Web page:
Vol 1 No 1 (2020)
OBOE Journal On Biennials and Other Exhibitions launches its first issue with a focus on the Venice Biennale. Born in 1895, the Venice exhibition, although the criticism for its limitations, is still one of the most significant and defining events of the contemporary art calendar. Many are the studies devoted to the Venice Biennale, but many are the gaps and fallacies that remain around the analysis of this exhibition. Attending to some of these oversights in Why Venice? remains critically important, and not just because this is our first issue, but primarily because it intends to answer something we felt was fundamental.
Contributors: Caroline A. Jones, Maria Mimita Lamberti, Vittoria Martini, Clarissa Ricci, Camilla Salvaneschi, Martina Tanga, Angela Vettese.
The introduction to OBOE’s first issue aims to illustrate how a certain method of studying exhibitions is directly linked with the study of contemporary art history. Mirroring contemporary art’s gerundive nature the journal’s periodicity becomes the ideal space to write an inclusive history of biennials, but also of the many avenues for art’s manifestation.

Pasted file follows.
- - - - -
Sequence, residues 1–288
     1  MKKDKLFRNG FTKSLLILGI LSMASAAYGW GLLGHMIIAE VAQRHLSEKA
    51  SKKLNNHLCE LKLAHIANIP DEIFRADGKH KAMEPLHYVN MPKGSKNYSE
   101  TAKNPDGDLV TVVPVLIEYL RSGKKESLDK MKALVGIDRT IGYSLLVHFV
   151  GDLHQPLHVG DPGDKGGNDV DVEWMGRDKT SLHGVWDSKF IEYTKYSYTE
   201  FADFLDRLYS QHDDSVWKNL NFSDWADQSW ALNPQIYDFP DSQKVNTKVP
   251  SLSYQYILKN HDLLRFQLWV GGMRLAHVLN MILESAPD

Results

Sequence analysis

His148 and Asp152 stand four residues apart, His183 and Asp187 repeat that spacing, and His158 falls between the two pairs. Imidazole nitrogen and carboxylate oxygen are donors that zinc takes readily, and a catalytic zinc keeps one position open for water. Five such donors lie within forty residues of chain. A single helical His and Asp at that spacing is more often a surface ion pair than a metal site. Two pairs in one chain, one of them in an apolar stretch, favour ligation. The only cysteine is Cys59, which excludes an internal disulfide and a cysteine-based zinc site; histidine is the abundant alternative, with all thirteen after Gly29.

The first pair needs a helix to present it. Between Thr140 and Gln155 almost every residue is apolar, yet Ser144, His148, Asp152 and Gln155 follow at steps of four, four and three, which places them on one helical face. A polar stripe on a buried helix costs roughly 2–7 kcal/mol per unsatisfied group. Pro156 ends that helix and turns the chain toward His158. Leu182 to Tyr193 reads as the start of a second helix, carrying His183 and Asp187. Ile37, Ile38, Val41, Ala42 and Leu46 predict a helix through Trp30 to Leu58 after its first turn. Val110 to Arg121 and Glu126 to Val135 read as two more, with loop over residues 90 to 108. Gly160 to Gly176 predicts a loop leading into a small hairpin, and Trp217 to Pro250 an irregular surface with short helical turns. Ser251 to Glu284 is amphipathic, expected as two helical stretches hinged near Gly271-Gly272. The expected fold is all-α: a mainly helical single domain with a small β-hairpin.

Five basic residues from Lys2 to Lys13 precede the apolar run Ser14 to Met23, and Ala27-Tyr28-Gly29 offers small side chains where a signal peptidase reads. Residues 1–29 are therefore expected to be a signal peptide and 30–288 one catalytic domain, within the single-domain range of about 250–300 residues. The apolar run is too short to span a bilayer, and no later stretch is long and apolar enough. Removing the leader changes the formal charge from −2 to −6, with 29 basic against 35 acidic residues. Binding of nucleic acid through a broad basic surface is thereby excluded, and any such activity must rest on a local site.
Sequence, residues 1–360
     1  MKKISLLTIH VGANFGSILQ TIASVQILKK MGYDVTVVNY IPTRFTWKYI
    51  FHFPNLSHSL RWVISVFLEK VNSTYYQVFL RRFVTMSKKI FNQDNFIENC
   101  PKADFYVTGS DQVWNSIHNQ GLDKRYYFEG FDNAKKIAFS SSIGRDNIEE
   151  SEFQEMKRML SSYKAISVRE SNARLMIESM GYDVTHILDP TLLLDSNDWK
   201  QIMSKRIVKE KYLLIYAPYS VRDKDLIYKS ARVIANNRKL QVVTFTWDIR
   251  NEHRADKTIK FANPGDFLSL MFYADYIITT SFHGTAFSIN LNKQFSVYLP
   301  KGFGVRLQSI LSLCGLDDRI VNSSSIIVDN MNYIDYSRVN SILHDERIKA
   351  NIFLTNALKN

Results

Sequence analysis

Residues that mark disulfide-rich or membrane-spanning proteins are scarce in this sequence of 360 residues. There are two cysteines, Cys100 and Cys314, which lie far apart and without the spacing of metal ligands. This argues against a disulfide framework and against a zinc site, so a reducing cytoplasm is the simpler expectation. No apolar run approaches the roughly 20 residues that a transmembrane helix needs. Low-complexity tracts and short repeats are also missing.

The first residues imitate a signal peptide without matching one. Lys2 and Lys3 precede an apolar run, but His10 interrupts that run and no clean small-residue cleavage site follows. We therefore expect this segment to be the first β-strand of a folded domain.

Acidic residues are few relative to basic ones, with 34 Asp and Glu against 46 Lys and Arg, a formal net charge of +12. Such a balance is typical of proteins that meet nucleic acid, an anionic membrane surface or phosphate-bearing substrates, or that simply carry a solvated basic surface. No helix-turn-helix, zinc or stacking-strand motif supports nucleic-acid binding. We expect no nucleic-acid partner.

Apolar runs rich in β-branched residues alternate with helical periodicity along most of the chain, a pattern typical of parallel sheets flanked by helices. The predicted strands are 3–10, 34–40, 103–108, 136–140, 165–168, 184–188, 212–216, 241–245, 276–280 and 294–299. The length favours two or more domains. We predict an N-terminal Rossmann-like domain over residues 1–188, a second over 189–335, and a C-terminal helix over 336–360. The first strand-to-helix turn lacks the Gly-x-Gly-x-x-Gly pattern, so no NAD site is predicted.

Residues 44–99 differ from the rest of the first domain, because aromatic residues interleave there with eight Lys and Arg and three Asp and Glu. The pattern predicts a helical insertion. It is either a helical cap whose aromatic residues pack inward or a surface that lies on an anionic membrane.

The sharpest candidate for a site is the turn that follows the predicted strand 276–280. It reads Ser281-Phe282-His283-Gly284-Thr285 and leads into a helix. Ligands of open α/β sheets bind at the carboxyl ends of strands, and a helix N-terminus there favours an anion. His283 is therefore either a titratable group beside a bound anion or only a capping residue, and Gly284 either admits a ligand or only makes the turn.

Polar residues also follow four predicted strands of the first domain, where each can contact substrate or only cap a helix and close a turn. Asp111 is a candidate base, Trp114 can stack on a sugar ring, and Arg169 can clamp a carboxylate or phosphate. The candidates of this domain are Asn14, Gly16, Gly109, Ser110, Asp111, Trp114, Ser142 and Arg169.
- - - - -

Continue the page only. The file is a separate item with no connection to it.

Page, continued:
Over the century from 1895 to 1999, we can measure the impact of biennials on themselves, and on the emergence of increasingly social forms of contemporary art. I argue that in their inheritance from world’s (and national) fairs, biennials were engines for the transfer of fairs’ “festal apparatus” to the centre of contemporary art itself. In particular, I will review the historical case of the collaborative group Oreste in the 1999 Venice Biennale, in which “relational art” (introduced in 1993 by one of the “Aperto” curators, Nicolas Bourriaud) was further tested in the biennial context. Marking the shift from boat transport, xerox machines, and snail mail to novel infrastructures called email, listservs, and the “World Wide Web,” the Oreste collective created a transnational network bringing over 100 artists to Venice, and connecting virtually with more than 500 artists world-wide. This little-known group had no stylistic coherence or “ism” to proclaim; instead, they had a loose aesthetic agenda celebrating events, networks, and increasingly social forms of art, often staged in “Spazio Oreste.” This they claimed from the edge of the Central pavilion where the traditional nationalist building had been punctured in 1952 for a terrace garden designed by Carlo Scarpa, symbolically marking the rehabilitation of edifice and event after the years of fascism. We can understand something crucial about twenty-first century biennial culture, by examining how local artists created a global network to localize an “artway of thinking” at the millennial turn.